In his book Breaking the Slump: How Great Players Survived Their Darkest Moments in Golf--and What You Can Learn from Them (released last month), Roberts intimately profiles 17 of the game's icons (as well as a former leader of the Free World), and discusses the physical and mental tolls of the sport and the adjustments they've made to overcome them throughout their notable careers.
Roberts' access and insight allows for candid conversation with individuals whose insights transcend the greens and fairways. We caught up with Roberts to discuss the book and what we can take away from it.
HuggingHaroldReynolds: Throughout the book there are two recurring themes. The first being the players' mental states. The other being their making physical adjustments to offset their course troubles. How are they related and how do you compare the two?
Jimmy Roberts: I'm not sure there's any sport where the mental element plays such a large role as it does in golf. That might be because there's so much time to think about what you've done right and wrong. If the average round of golf is 4-1/2 hours ... we spend roughly 18 minutes actually standing over the ball. The rest of the time we spend walking (or riding) and thinking. Without a level of mental comfort, I can't imagine any elite player could exercise mastery over the game no matter HOW dialed in their swing might be. On the other hand, you could be at peace with a horrific swing, and that's not going to work either. I think the physical element is more important, but listening to all these successful people, I get the idea that a good swing is only going to take you so far.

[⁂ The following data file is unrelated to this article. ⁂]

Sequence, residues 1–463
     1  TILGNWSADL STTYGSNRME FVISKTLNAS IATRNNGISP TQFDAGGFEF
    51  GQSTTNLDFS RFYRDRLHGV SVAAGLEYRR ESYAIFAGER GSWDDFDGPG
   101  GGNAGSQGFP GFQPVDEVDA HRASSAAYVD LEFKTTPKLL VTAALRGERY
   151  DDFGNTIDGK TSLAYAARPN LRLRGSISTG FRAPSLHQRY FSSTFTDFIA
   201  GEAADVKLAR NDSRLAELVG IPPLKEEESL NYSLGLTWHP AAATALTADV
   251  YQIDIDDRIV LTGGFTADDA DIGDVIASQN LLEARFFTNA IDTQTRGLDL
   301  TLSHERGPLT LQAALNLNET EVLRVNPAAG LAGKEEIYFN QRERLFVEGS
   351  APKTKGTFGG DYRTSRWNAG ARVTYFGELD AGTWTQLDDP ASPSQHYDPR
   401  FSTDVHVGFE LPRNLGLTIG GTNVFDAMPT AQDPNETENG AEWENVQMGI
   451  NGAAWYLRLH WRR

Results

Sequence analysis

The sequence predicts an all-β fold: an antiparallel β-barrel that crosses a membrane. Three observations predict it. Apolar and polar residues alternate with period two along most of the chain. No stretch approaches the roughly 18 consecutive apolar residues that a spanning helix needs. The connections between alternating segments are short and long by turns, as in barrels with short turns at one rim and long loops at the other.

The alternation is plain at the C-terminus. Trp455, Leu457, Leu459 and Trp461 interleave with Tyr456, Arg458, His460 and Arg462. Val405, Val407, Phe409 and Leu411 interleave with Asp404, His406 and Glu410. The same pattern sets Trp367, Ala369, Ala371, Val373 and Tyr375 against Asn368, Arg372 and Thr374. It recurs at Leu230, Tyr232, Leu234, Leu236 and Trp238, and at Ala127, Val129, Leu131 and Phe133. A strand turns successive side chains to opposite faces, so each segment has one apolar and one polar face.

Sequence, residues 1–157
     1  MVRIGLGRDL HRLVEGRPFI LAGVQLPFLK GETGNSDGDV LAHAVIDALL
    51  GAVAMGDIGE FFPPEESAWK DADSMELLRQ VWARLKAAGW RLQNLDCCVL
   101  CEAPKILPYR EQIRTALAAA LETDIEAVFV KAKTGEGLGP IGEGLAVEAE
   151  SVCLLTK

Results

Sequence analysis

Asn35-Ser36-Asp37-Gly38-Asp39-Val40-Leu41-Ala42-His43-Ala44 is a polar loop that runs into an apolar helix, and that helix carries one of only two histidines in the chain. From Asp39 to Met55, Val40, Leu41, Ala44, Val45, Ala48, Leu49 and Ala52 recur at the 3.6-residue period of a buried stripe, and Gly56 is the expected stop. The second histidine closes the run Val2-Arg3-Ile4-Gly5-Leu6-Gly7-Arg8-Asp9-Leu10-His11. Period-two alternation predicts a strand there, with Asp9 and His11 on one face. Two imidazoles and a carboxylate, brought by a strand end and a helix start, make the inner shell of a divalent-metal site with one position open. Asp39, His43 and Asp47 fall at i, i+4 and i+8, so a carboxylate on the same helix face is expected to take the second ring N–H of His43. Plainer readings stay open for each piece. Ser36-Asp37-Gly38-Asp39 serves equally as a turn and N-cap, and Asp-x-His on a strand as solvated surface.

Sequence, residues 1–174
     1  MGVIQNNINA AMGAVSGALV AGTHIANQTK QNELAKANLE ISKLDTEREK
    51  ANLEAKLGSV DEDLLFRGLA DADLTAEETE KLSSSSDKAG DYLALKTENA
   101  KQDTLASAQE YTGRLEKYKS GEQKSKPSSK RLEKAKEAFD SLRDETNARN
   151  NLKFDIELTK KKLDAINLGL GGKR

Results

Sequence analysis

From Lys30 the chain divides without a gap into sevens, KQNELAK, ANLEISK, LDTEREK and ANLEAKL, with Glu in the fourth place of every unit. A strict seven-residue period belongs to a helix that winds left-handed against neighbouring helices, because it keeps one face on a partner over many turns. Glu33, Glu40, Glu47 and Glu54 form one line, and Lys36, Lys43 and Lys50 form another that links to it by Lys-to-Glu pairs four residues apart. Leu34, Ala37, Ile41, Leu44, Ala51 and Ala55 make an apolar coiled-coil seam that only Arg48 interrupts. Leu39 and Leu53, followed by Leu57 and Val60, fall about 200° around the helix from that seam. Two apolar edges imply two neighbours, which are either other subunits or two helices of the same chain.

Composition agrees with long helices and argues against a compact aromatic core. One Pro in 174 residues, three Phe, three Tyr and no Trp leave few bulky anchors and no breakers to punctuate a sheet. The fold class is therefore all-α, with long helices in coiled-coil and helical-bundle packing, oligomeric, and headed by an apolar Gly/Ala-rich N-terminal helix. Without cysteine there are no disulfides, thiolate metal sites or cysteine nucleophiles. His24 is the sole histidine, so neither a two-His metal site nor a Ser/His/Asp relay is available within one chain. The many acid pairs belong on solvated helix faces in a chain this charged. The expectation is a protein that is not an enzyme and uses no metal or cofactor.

HHR: Would you say that the stories of the individuals you told were as much a metaphor for life as they were insights into the game of golf?
JR: I started out to write a golf book and at some point -- I don't exactly know when it was -- I realized that it wasn't only that, but it was a book about how successful people handle adversity. George H.W. Bush says that the way we handle our challenges on the golf course is often the way we handle our challenges in life. Paul Azinger had Cancer. Ben Crenshaw got divorced. Phil Mickelson almost lost his wife and son in childbirth. While these examples might not be metaphors for life, all of these great players had to battle back from these -- the same type of issues that effect ordinary people everyday.
HHR: How would you compare golf slumps to those in other sports?
JR: Often similar, but the difference is, for the most part, we don't play baseball or basketball for as long as, or to the extent we play golf. One interesting thing I stumbled accross while doing interviews for the book though...when Labron James felt he was struggling with his outside shooting and free throws, he turned to Bob Rotella, a man known primarily as a GOLF psychologist.
HHR: You've had the opportunity to cover, as well as play a round or two, with some of the biggest names the sport has ever known. At any point, with the risk of sounding somewhat unprofessional (we'll give you a pass), do you ever sit back as a fan in awe of the company? Who most bowled you over?